CBS President and CEO Leslie Moonves flew the broadcast flag before jittery investors in New York last week, repeatedly asserting that the company is exceptionally well-positioned both for the uncertain economic landscape now and for the sunnier days down the road.
Moonves acknowledged that the broadcast business is in a state of serious flux as online consumption increases dramatically, adding that recent moves in the interactive space, such as the company's acquisition of CNET, put CBS in a strong position.
Coupling a growing Web business—Moonves forecast $650 million in interactive revenue this year—with traditional television had the CBS boss bullish on the business.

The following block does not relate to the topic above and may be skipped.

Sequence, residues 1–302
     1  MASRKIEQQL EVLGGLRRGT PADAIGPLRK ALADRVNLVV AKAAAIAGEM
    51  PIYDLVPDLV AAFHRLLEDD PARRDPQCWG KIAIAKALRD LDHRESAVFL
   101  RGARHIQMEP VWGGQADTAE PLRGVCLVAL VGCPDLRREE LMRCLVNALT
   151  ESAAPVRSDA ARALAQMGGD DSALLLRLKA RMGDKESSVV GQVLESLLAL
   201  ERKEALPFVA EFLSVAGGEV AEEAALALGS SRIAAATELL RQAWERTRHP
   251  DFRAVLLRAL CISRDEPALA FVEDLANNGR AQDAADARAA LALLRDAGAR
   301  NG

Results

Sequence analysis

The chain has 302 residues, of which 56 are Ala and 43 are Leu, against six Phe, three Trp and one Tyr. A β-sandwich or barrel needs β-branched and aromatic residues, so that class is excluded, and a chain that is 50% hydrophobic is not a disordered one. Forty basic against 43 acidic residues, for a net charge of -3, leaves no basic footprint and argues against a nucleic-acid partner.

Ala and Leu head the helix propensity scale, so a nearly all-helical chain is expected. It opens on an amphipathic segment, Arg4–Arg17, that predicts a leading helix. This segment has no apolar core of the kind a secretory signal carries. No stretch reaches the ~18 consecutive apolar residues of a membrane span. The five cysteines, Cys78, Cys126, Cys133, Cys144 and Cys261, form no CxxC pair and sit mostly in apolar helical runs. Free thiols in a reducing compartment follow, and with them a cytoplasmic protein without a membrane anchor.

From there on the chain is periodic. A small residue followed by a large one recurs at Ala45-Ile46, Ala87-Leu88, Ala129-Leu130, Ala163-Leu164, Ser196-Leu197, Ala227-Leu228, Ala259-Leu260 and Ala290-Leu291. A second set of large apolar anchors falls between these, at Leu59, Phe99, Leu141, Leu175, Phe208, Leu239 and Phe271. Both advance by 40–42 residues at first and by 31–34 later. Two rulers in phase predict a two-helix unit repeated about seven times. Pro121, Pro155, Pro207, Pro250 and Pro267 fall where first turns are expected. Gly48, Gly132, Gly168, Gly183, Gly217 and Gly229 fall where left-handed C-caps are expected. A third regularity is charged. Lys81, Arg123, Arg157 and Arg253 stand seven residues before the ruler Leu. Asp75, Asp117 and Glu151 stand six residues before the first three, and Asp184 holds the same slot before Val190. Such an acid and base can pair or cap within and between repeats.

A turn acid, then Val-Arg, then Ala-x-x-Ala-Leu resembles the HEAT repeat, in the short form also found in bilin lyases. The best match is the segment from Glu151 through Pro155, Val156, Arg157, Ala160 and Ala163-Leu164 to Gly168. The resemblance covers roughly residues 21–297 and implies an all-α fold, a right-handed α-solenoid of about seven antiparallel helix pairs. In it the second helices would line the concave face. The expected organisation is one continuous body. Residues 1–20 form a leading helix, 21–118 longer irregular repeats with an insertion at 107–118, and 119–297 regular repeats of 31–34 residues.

Moonves spoke at the Goldman Sachs Communacopia XVII Conference on Sept. 17. In between presentations, shell-shocked bankers traded theories on the demise of Lehman Bros. and bailout of AIG. Moonves referenced the crises right off the bat: "It's an interesting week to be here," he told his interviewer, Mark Wienkes. "Can I ask you questions?"
Moonves said political spending was heating up at the CBS-owned stations and stressed that it's historically a fourth-quarter event, not a third-quarter one. He predicted a $150 million political windfall at the stations, particularly those in Pennsylvania, Florida and California.